A important component of creative website is layout and with CSS properties like position, advanced layouts are possible. Even for a basic webpage, elements need to be aligned properly. Knowing how to position the elements on the page can save time because as the project gets bigger more alignment issue arises.
CSS position property allows you to virtually align the elements where you want them for a specific design. Using positions, we can manipulate the elements and achieve different layouts.
GET WITH THE FLOW
Just like in real world, In CSS, we work within boundaries called Normal Flow, or Flow Layout. In real world if we place one block on other, these blocks follow the law of gravity. Normal flow in CSS is similar to law of gravity. In normal flow, the elements appear from top to bottom, order in which they are added in a markup one element after another. However, we can give these blocks in our markup “superpower” to break the law of gravity or their normal flow using positions.
There are 5 positions:
STATIC: (nothing new here)
It is the default property of position. HTML flows normally from top to bottom. Position static does not change the flow of the content. We cannot use top, bottom, left, right properties with position static.
As static is the default property, the div with position static will behave as if no property value is assigned to them. The divs will stack on one another.
RELATIVE POSITION (hidden superpowers)
When an element is given position relative, they behave like statically positioned elements but can be moved from its natural position. It renders the element like it would look without any position value.
In other words, elements with relative position values are like Clark Kent(superman), they hide their powers from their static elements.
Elements will take the same width it is supposed to take and can be adjusted to any position. They reveal their superpowers only when used with 4 properties – top, bottom, right, left.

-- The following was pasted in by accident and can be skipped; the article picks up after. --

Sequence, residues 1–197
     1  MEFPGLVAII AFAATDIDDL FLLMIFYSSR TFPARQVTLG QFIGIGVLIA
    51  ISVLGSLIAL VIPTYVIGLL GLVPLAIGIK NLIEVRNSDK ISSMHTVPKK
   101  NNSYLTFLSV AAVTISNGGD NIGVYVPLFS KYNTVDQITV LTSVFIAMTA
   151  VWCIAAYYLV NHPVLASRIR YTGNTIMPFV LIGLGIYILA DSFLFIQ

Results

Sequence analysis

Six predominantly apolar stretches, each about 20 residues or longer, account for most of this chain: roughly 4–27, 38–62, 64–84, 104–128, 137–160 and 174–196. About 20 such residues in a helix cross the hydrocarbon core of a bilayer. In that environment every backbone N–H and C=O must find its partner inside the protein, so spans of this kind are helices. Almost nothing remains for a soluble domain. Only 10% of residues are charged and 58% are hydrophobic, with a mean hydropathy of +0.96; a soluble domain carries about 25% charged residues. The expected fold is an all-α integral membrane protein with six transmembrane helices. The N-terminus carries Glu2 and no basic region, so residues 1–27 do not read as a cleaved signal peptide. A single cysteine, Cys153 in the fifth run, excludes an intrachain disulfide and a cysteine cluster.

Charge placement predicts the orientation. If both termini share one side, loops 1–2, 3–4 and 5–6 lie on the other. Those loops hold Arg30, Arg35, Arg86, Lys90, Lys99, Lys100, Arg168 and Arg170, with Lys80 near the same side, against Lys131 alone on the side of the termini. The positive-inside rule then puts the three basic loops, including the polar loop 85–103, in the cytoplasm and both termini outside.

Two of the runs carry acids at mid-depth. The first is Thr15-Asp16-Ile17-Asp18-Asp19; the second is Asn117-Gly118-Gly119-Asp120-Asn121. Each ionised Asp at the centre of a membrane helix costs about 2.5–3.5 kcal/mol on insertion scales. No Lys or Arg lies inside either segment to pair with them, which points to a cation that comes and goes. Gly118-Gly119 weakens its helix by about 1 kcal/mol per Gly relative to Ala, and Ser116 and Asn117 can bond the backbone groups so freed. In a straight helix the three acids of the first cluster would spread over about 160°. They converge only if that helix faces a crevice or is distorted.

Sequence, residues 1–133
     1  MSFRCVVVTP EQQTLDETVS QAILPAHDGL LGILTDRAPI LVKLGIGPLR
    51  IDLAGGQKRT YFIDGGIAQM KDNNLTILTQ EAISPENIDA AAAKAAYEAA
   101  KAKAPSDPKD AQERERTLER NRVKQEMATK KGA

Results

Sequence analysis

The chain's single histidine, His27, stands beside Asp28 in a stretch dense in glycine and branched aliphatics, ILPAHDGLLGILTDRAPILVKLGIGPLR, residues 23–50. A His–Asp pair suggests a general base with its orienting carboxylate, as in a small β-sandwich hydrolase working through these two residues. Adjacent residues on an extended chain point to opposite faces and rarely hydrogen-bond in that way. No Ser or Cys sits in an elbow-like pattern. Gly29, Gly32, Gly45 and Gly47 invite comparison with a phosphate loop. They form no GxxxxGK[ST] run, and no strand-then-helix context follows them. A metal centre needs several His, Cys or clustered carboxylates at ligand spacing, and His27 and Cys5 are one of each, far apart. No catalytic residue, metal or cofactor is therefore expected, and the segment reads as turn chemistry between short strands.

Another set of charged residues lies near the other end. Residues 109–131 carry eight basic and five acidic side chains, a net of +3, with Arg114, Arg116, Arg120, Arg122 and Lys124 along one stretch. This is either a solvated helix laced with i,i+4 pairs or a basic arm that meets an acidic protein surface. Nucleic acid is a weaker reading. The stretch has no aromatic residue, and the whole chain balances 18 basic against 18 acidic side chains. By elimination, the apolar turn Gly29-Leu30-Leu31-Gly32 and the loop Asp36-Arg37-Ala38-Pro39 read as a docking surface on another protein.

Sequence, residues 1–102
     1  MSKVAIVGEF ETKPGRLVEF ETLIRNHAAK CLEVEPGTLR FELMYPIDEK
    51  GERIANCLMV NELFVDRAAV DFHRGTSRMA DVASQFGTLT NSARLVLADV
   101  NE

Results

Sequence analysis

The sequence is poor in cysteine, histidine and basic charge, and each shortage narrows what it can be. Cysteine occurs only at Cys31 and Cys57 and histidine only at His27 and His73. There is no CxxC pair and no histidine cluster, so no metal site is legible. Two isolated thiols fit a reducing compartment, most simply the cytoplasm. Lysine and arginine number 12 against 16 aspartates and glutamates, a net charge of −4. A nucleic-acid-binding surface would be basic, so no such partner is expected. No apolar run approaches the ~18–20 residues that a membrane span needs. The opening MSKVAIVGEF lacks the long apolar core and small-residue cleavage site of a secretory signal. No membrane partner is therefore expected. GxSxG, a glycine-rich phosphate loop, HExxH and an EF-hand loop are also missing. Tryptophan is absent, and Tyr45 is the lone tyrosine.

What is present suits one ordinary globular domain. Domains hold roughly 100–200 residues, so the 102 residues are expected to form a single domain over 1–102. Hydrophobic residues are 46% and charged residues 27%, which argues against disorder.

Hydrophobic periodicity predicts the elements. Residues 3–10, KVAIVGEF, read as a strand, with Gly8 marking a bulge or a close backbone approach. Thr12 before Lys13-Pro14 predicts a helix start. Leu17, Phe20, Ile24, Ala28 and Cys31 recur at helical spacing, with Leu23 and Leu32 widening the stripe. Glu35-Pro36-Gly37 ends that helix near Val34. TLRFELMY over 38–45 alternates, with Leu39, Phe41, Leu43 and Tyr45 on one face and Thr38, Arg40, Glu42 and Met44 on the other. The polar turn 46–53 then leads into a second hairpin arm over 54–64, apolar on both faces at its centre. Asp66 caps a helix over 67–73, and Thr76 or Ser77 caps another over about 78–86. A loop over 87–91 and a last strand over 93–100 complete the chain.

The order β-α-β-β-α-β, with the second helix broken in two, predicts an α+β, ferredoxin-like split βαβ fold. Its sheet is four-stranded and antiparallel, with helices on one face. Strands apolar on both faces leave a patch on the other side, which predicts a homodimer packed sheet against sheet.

If there are any other elements, they are not affected by position relative.
Block 1 is position relative, it is moved from its original place to 100px left.
ABSOLUTE POSITION (anytime, anywhere)
An element with position absolute is completely removed from natural flow of the document and similar to position relative can be used with top, bottom, right and left property to get the element into desired position.
If elements with position relative can be compared with superman then elements with absolute value can be compared with Inception – a place where you can design your own world.
As the element with position absolute is removed from its natural flow. This means the space taken originally by that element will not be considered. All the elements in the document will behave as element is not there (it has superpower to be “invisible”)
Block 2 is position absolute, it is taken out of the document flow and because of that block 1 behaves as if block 2 is invisible.
FIXED POSITION (freezes there)
Fixed positioning is just like absolute but is positioned relative to the viewport. Fixed position is like “Iceman”, it has the ability to freeze the element. If an element is given position fixed and top value 200px, it will be positioned 200px from top of the viewport. If we try to scroll, it will still be FIXED to 200px from the viewport.
It is commonly used with fixed footer and headers.
Div is always fixed to the bottom on the viewport.
STICKY POSITION (fixed + relative)
Element with position sticky behaves like position relative but if we keep scrolling it gets out of the normal flow and behaves like position fixed and sticks wherever you have positioned it.
Occasionally, we need more control over position of an element in the document than CSS “float” property can provide. To achieve complex layouts and specific positioning of an elements Positions can be useful. Position property sets how an element will be precisely placed in the document.
https://caniuse.com/#feat=css-sticky for browser support information.